Dependent upon the role you're interviewing for, you may need to possess exceptional communication skills, the ability to make persuasive arguments, leadership abilities or a dynamic personality. Some of these character traits will seem apparent based on your work history, but the interviewer will want to confirm them during the interview.
Be prepared to provide specific examples from your work experience that show you've successfully exhibited those character traits important to the role for which you're interviewing. Utilize the SOAR method of structured answers, which emphasizes Situation, Objective, Action, and Results in your response to interview questions. To learn more about interview answer formats see "Zoom-Method for Interview Preparation" included in all Zoom Video Packages.
Don't forget to look at your fit for the company in preparing for the interview and try to anticipate questions focused on determining that fit. Consider the following:
- What is the company's mission or purpose?
Do you exhibit the skills and character traits necessary to contribute to the overall company mission? Examine the company's website as part of your interview preparation. Discover the mission statement or goals published on the site. Formulate SOAR "stories" or examples which you may use as answers in the interview, and which will show your ability to contribute to the achievement of the company's stated goals or mission.
- What is the corporate culture of the organization?
Every organization has its own unique culture. If the overall company culture is pragmatic or highly professional, how well do you fit with that type of environment? Or perhaps the company is more relaxed and creative. Regardless of the company's culture, you'll need to show that you're capable of working within that culture and not being an unhealthy disruption to the business environment.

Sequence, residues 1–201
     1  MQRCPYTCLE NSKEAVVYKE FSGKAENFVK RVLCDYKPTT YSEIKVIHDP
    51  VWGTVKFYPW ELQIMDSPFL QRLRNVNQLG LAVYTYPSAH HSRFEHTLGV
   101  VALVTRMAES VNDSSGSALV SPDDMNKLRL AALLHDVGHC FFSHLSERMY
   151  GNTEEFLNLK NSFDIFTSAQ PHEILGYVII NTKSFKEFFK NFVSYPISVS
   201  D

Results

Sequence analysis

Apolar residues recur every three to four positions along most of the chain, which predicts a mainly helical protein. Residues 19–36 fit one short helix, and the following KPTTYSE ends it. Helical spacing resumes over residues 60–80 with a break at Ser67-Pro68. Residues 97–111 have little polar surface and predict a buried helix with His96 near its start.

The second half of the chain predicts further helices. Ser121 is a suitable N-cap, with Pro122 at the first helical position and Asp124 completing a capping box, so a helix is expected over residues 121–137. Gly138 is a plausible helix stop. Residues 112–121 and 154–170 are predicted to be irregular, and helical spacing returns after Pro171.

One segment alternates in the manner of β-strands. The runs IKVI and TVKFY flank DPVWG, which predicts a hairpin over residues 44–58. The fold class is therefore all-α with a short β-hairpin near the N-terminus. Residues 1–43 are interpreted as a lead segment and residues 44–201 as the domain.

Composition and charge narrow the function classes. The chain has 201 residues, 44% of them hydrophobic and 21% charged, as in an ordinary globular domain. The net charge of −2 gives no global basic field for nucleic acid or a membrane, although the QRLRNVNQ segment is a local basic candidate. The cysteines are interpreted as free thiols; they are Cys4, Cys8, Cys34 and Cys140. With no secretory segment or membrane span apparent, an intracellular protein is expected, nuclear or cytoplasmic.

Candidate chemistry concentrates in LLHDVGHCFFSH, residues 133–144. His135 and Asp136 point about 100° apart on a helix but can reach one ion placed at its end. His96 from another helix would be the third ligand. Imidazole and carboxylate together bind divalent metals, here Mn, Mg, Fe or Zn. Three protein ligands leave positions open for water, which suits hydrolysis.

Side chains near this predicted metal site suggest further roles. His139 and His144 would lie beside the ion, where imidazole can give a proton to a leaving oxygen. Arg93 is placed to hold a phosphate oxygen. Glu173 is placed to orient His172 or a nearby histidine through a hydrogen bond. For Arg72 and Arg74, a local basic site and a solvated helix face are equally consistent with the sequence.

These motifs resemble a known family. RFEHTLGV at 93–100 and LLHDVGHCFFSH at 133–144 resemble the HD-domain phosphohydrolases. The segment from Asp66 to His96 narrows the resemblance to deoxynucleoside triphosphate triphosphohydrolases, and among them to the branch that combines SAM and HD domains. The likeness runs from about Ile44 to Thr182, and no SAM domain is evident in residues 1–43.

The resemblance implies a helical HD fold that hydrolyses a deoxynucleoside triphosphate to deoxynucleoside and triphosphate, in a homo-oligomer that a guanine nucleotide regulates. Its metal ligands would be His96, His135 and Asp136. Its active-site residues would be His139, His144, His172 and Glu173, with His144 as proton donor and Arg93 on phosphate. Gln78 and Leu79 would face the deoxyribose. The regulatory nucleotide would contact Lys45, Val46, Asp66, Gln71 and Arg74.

For example, if the culture is relaxed but driven, are you able to work well within that culture? Do the answers you provide to interview questions point to a rigid personality in which structure is required to drive performance, or do you exhibit the character of a free thinker who excels in a less structured environment?
- What are the company's core values?
Do your homework before interviewing and review the core values of the company. Most companies include their mission statement and core values on their corporate website or within company marketing materials.
Consider how your interview answers depict your own values regarding work performance, customer service, interaction with co-workers, etc. Do your answers support or contradict the values that the company find's important? The better matched your values are with those of the company, the better fit you'll be for the organization.
Preparing for the Interview
In preparing to interview, you'll want to thoroughly investigate the organization and the position for which you'll be considered. Review the company's website and blogs; all the recent job postings; advertising campaigns and promotional materials; and press releases and news stories about the company or its products and services. The more information you're able to review, the better prepared you'll be to show how you're a good fit with the job and the company.